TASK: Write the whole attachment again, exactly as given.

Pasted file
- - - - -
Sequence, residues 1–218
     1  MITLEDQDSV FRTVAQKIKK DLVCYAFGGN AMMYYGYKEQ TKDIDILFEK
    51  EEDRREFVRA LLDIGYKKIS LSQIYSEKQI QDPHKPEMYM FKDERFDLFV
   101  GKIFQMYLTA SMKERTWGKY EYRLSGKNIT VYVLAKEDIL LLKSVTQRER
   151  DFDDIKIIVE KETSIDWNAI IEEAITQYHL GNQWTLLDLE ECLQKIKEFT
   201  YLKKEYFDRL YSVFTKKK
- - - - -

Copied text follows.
Sequence, residues 1–218
     1  MITLEDQDSV FRTVAQKIKK DLVCYAFGGN AMMYYGYKEQ TKDIDILFEK
    51  EEDRREFVRA LLDIGYKKIS LSQIYSEKQI QDPHKPEMYM FKDERFDLFV
   101  GKIFQMYLTA SMKERTWGKY EYRLSGKNIT VYVLAKEDIL LLKSVTQRER
   151  DFDDIKIIVE KETSIDWNAI IEEAITQYHL GNQWTLLDLE ECLQKIKEFT
   201  YLKKEYFDRL YSVFTKKK